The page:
The reality is that competing OTC market centers are not regulated less than Nasdaq, rather this regulation is effected through a variety of approaches, primarily due to differences in market structure. Nasdaq's regulatory regime was constructed largely in the wake of the Commission's investigation of the NASD and Nasdaq in the mid-1990's,10 and was intended to provide oversight for a then largely phone-based, market-maker oriented trading environment. Nasdaq's suggestion that more automated, agency-based markets must universally employ identical resources at equivalent cost disregards the ability of market centers to achieve equivalent ends through diverse structural means.
The Commission should guard against market participants using regulation as a weapon to protect their competitive position. Recent comments by Nasdaq executives concur that concerns regarding uniformity of market regulation often mask self-interest:
Nasdaq should not be allowed to compound its own poor decisions by perpetuating a regulatory agenda that seeks to drag its competitors "back to the pack" by imposing a Nasdaq-style cost structure on them for regulatory services. Brut respectfully submits that, if the Commission determines that Nasdaq deserves economic relief, it should come in the form of involvement in the re-negotiation of the terms of the RSA, rather than through a broad regulatory re-structuring that could have a score of unintended adverse consequences.
The Need for Intra-Market Standardization
Brut thinks that, while in some instances greater Commission clarity and standardization regarding intra-market trading rules and surveillance systems would be positive, it must be effected on an issue-by-issue basis rather than through the overly-broad methods that Nasdaq suggests in the Petition, which Brut believes would only dampen competition.
Brut has previously commented to the Commission that it should require consistency in the rule sets among markets (OTC or otherwise) where necessary to maintain fair and orderly markets and protect investor interests, while at the same time: (i) allowing for variances where there is no compelling investor-protection need; and (ii) ensuring that any standardization does not give preference to the rules of one facility, creating a competitive advantage.13 Rule disparities among market centers are not problematic per se, but only become so when creating opportunities for abuse or promoting non-natural market behavior.
With these principles in mind, the Commission should continually examine the rules of the various market centers and in close collaboration with all of them (and their users), taking action to harmonize regulation where clear instances of a disparity that threatens fair and orderly markets exist. In this regard, Commission inaction will be just as important as any action, to develop common regulatory standards where necessary to protect investor interests and foster competition in all other areas. Deference should be given to the right of each market to offer alternative structures, as this furthers the Exchange Act principle of "fair competition among... exchange markets, and between exchange markets and markets other than exchange markets."14
One area that may require standardization, as the Petition highlights, are the rules related to short sales in OTC stocks. Given the long-standing concern over the market and issuer impact of short sales, Brut has previously commented that the regulation governing such activity should be set by the Commission as opposed to competing market centers.15 There now exist three separate strands of rule-sets pertaining to the short selling of OTC stocks. ADF market participants are required to adhere to a "bid test" standard when effecting non-exempt short sales based on the national best bid/best offer,16 Nasdaq and certain regional exchanges employ a bid test based on only the Nasdaq best bid/best offer,17 and other regional exchanges have no restrictions on OTC short sales whatsoever. Brut believes this is an aspect of the regulatory regime where consistency is important, and advocates that the Commission set a market-wide standard consistent with the feedback received in response to its concept release regarding short sales.18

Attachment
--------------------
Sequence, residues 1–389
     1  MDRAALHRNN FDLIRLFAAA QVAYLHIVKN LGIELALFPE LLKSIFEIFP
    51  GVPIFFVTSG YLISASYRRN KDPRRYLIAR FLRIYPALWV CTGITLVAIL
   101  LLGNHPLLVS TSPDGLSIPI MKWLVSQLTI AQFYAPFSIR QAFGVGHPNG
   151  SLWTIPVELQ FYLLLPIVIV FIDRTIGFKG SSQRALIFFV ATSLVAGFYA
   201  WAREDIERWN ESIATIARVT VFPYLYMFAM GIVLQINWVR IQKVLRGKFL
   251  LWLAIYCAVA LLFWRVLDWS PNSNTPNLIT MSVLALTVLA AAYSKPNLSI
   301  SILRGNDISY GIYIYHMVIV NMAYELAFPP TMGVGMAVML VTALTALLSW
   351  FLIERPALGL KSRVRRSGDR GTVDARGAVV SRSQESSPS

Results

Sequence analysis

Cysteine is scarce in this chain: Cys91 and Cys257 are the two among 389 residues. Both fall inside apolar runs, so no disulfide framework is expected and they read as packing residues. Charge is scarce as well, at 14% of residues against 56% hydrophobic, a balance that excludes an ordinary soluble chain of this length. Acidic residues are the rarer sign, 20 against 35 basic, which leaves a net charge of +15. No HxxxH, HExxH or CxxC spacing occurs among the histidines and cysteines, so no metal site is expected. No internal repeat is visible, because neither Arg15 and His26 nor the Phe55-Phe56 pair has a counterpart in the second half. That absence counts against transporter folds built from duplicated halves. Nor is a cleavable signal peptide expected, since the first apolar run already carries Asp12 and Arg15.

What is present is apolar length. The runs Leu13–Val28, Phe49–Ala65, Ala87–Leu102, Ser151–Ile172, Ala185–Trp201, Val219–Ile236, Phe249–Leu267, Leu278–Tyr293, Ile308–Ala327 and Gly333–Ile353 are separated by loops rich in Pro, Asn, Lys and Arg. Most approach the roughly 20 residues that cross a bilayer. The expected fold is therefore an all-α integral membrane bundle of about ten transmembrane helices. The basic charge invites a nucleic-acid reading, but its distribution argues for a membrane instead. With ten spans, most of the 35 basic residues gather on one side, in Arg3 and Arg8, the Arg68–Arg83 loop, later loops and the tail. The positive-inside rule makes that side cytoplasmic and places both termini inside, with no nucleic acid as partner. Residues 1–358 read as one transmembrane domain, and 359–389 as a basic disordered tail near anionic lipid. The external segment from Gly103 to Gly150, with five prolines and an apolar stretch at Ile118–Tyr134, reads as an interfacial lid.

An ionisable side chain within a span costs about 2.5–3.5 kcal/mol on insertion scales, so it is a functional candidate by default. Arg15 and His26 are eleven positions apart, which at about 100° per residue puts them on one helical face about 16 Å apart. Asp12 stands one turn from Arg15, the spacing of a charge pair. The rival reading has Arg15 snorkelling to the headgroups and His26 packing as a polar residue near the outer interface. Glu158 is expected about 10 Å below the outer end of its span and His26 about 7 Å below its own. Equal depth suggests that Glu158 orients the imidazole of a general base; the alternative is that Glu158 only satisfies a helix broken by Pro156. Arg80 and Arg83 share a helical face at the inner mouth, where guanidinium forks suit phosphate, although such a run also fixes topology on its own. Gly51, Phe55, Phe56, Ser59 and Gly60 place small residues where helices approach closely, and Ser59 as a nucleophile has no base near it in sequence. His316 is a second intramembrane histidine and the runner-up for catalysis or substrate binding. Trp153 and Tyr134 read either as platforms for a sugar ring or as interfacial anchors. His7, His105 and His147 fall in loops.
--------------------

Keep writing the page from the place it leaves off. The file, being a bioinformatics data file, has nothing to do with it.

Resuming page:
Addressing the need for rule conformity on an issue-by-issue basis is a far more preferable approach than any broad and brash attempt to force all markets into a single regulatory mold. Nasdaq requests that the Commission "amend the rules of all markets that trade Nasdaq securities to establish uniform trading rules, and to ensure equal surveillance and enforcement of those rules."19 Imposing such across-the-board standardization among OTC markets based on the current Nasdaq rule set would pre-ordain Nasdaq as "first among equals" vis-à-vis its competitors, and deprive other market centers of the important competitive tool of differentiation.
In complaining of "vast disparities in the rules of markets that trade Nasdaq securities,"20 Nasdaq is attempting to create a regulatory bogeyman without basis in reality. Nasdaq itself operates a market center for the trading of exchange-listed stocks with rules that vary significantly from those of the New York Stock Exchange. On other competitive fronts Nasdaq has recently stated that "[e]ach market should be permitted to determine for itself whether price and/or time priority rules should be retained or discarded."21 Why Nasdaq believes market centers trading Nasdaq-listed stocks should not have similar freedom is unclear. Nasdaq attempts to gloss over these inconsistencies only underscore the weakness of their arguments.22